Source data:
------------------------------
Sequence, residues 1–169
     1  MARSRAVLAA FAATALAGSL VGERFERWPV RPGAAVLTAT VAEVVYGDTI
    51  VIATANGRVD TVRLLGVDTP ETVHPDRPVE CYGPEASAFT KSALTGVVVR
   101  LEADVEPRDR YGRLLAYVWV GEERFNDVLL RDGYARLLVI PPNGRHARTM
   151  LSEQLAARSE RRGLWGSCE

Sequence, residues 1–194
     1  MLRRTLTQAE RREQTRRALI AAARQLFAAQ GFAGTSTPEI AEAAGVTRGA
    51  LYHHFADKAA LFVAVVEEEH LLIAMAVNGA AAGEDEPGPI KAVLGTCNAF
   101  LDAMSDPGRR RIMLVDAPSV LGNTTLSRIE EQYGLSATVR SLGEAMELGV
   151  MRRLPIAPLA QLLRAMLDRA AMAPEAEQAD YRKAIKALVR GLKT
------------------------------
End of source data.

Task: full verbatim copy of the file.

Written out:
Sequence, residues 1–169
     1  MARSRAVLAA FAATALAGSL VGERFERWPV RPGAAVLTAT VAEVVYGDTI
    51  VIATANGRVD TVRLLGVDTP ETVHPDRPVE CYGPEASAFT KSALTGVVVR
   101  LEADVEPRDR YGRLLAYVWV GEERFNDVLL RDGYARLLVI PPNGRHARTM
   151  LSEQLAARSE RRGLWGSCE

Sequence, residues 1–194
     1  MLRRTLTQAE RREQTRRALI AAARQLFAAQ GFAGTSTPEI AEAAGVTRGA
    51  LYHHFADKAA LFVAVVEEEH LLIAMAVNGA AAGEDEPGPI KAVLGTCNAF
   101  LDAMSDPGRR RIMLVDAPSV LGNTTLSRIE EQYGLSATVR SLGEAMELGV
   151  MRRLPIAPLA QLLRAMLDRA AMAPEAEQAD YRKAIKALVR GLKT